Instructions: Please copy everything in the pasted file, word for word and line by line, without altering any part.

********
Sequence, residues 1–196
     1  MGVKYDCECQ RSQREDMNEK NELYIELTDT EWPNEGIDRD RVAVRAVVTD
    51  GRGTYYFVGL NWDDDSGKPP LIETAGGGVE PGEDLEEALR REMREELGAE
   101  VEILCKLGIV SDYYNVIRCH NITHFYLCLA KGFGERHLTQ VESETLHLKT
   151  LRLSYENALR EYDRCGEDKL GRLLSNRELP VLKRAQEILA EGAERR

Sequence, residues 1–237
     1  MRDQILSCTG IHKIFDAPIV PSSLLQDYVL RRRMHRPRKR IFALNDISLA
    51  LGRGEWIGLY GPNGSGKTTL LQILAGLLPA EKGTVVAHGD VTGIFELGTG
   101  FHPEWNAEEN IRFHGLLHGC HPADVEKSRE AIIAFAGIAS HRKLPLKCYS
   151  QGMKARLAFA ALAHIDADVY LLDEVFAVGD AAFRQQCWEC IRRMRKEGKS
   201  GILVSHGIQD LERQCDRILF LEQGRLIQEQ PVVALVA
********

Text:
Sequence, residues 1–196
     1  MGVKYDCECQ RSQREDMNEK NELYIELTDT EWPNEGIDRD RVAVRAVVTD
    51  GRGTYYFVGL NWDDDSGKPP LIETAGGGVE PGEDLEEALR REMREELGAE
   101  VEILCKLGIV SDYYNVIRCH NITHFYLCLA KGFGERHLTQ VESETLHLKT
   151  LRLSYENALR EYDRCGEDKL GRLLSNRELP VLKRAQEILA EGAERR

Sequence, residues 1–237
     1  MRDQILSCTG IHKIFDAPIV PSSLLQDYVL RRRMHRPRKR IFALNDISLA
    51  LGRGEWIGLY GPNGSGKTTL LQILAGLLPA EKGTVVAHGD VTGIFELGTG
   101  FHPEWNAEEN IRFHGLLHGC HPADVEKSRE AIIAFAGIAS HRKLPLKCYS
   151  QGMKARLAFA ALAHIDADVY LLDEVFAVGD AAFRQQCWEC IRRMRKEGKS
   201  GILVSHGIQD LERQCDRILF LEQGRLIQEQ PVVALVA